Where the rubber contains other block polymers, these are preferably SI block polymers. If triblock material is present, some embodiments select an Mw of at least 50,000. Alternatively, the triblock has Mw of at least 100,000, g/mole and at most 300,000, alternatively 180,000. Further, the diblock material's Mw, particularly an SI diblock material, is at least 60,000, alternatively 70,000 or 80,000 g/mole and at most 150,000, alternatively 140,000 or 110,000 g/mole. In some embodiments, the SI block copolymer should comprise at least 60 wt %, alternatively 70 percent, or 75 weight percent of the total copolymer, and at most 85 80 wt %, alternatively 80 wt % of the total copolymer. Where the diblock material is an SB material, some embodiments have Mw between 50,000 and 150,000, alternatively 65,000 to 110,000 or 70,000 to 90,000 g/mole. Some embodiments have SB block copolymer comprising at least 45 or 60 wt % total block copolymer, and at most 80 or 75 wt % of the total block copolymer.

For purposes of this specification, molecular weight means peak molecular weight as measured by Gel Permeation Chromatography (GPC—sometimes known as size exclusion chromatography) calibrated on polystyrene. Commercially-available polystyrene calibration standards were used, and the molecular weights of copolymers were corrected according to Runyon et al, J. Applied Polymer Science, Vol. 13 Page 359 (1969) and Tung, L H J, Applied Polymer Science, Vol. 24 Page 953 (1979).

GPC measurements used a Hewlett-Packard Model 1090 chromatograph equipped with a 1047A refractive index detector and four 300 mm×7.5 mm Polymer Laboratories SEC columns packed with five micron particles. These consist of two columns with 105 angstrom pore size, one with 104 angstrom pore size, and one with mixed pore sizes. The carrier solvent was HPLC-grade tetrahydrofuran (THF) with a flow of 1 ml/min. Column and detector temperatures were 40° C., and run time was 45 minutes.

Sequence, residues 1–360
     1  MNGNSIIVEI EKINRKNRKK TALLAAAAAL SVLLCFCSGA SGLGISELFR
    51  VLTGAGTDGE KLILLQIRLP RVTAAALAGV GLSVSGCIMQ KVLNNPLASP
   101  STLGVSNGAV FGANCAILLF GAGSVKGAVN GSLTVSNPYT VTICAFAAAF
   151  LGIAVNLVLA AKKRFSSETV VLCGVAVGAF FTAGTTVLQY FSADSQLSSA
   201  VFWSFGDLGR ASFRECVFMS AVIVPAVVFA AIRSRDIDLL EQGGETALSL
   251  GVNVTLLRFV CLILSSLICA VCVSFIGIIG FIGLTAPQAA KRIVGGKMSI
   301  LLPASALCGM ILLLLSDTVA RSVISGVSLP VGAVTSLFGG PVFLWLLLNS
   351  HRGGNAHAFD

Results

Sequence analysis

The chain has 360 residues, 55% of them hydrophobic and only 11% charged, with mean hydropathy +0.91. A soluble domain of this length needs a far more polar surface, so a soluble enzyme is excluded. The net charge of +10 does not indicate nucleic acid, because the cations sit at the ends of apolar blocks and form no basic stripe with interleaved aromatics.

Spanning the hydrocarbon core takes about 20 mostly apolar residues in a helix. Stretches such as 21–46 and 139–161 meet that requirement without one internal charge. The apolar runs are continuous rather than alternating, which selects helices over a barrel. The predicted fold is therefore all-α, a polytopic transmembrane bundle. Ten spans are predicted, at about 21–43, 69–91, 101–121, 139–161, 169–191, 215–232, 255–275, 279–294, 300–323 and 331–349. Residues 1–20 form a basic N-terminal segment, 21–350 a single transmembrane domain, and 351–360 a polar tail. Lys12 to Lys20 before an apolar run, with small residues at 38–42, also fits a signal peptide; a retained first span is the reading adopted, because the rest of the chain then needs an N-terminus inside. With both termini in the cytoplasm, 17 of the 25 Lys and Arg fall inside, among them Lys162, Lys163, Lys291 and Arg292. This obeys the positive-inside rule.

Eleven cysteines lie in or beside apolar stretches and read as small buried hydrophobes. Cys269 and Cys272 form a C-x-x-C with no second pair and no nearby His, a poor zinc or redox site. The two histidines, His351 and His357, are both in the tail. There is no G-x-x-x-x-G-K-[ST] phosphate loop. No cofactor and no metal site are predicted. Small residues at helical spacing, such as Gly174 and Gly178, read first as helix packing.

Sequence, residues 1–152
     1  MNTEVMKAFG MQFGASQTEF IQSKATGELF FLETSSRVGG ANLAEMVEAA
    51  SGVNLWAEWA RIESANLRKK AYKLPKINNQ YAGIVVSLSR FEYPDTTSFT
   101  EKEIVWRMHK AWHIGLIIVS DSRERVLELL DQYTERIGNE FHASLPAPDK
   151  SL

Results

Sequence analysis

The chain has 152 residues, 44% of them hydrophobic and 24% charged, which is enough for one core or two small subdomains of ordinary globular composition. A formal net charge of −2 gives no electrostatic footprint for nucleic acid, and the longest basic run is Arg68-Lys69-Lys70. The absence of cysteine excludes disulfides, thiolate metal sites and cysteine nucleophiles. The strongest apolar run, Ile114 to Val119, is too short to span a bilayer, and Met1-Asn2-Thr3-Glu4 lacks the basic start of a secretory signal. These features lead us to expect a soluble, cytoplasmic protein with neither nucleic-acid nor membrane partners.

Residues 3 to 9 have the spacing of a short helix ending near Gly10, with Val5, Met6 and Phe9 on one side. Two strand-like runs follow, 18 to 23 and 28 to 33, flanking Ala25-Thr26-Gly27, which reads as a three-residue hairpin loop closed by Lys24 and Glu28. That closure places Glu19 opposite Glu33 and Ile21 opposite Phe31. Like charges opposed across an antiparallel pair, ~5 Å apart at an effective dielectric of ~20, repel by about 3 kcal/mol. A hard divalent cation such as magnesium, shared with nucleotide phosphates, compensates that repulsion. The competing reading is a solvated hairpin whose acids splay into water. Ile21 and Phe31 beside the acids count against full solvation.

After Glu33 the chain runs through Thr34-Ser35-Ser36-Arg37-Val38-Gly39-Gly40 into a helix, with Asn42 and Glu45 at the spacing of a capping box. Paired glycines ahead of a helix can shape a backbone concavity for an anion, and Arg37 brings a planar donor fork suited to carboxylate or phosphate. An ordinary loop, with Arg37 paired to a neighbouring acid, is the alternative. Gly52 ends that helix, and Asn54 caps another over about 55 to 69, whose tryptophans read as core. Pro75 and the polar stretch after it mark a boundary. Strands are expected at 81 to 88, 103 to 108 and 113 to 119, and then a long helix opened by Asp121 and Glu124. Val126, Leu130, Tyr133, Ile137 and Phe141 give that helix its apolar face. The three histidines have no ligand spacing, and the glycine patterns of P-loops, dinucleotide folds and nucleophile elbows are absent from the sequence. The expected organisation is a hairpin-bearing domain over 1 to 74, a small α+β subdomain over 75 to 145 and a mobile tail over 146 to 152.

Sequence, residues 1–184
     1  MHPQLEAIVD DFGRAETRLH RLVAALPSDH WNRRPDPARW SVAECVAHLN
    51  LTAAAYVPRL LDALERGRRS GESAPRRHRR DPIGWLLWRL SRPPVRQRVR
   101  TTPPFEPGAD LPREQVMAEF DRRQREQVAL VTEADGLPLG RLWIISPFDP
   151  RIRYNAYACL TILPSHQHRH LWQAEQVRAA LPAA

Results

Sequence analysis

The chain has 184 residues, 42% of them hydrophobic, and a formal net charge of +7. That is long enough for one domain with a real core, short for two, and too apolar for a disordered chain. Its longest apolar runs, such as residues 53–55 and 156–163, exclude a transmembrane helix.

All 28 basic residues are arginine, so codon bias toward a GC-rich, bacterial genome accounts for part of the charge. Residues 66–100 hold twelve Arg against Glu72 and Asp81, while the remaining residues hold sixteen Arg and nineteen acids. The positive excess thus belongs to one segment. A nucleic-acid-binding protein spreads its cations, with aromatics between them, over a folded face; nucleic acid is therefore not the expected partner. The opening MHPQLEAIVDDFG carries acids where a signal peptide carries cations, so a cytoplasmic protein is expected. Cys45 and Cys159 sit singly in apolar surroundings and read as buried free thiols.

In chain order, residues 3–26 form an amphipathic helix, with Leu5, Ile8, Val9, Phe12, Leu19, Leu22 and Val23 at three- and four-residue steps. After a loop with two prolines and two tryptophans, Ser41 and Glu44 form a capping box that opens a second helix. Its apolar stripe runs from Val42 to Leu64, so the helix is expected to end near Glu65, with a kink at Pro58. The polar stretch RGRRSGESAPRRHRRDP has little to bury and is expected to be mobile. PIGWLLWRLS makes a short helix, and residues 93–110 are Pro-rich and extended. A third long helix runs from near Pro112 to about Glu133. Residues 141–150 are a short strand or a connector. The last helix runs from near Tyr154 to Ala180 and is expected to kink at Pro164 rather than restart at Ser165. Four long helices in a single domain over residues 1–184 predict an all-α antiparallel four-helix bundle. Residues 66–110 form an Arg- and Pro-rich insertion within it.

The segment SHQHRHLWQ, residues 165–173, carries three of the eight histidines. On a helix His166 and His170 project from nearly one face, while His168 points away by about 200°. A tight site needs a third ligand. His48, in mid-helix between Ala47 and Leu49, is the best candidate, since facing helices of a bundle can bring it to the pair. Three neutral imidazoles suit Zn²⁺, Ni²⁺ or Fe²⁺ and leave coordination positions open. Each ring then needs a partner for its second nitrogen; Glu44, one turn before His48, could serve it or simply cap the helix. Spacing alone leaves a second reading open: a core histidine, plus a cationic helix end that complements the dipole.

The following rheological properties are also desirable in these polymer systems. G1 should monotonically decrease with frequency at frequencies below the Tg region. The loss factor for Tan δ is preferably between 0.2 and 1, and the storage plateau modulus should be substantially constant at low frequencies. These properties are illustrated in FIG. 3, which is a log/log plot of G1 and G11 for adhesive systems based on acrylics and triblock copolymers. The plot shows how, for acrylics, G′ and G″ are substantially overlaid, whereas for SIS-triblock-based systems at low frequency, G′ and G″ diverge.

The tetra and/or pentablock copolymers are prepared by any suitable polymerization technique such as free-radical polymerization or Zeigler-type catalysis. Polymerization systems in which the blocks are sequentially produced are preferred to those in which two or more preformed blocks are coupled to each other. Sequential polymer development enables greater block molecular weight variation, which is particularly useful for polymers where internal-polydiene-block molecular weight is considerably lower than external-polydiene-block molecular weight.

A particular problem of some previously proposed systems, which use rubber mixtures containing different blocks, such as, for example, SIS triblock and SB diblock mixtures, is that the rubbers lack miscibility over broad temperature ranges. This adversely affects adhesive properties particularly at low temperatures This problem is considerably reduced and the adhesive properties improved, if the different blocks are within the same molecule as with an SISB tetrablock. These molecules are more easily built up sequentially rather than by coupling pre-formed diblock materials.

Inventive adhesive tackifier additives are chosen based on the particular rubber that is used. But most tackifiers may be used. Preferred tackifiers are resins from aliphatic petroleum derivative streams containing 5-or-6-carbon atom dienes and mono-olefins. The tackifiers range from materials that are normally liquid at room temperature to those that are normally solid at room temperature. The resins typically contain 40 weight percent or more of polymerized dienes. The dienes are typically piperylene and/or isoprene. Useful tackifiers include ESCOREZ™ 1310 LC manufactured by Exxon Mobil Chemical softening point 91° C., PICCOTAC™ 95 manufactured by Hercules, and the WINGTACK™ resin family manufactured by Goodyear (with the numerical designation being the softening point) such as WINGTACK™ 95, which is a solid resin having a softening point of about 95° C., and WINGTACK™ 10, which is a liquid resin having a softening point of about 10° C.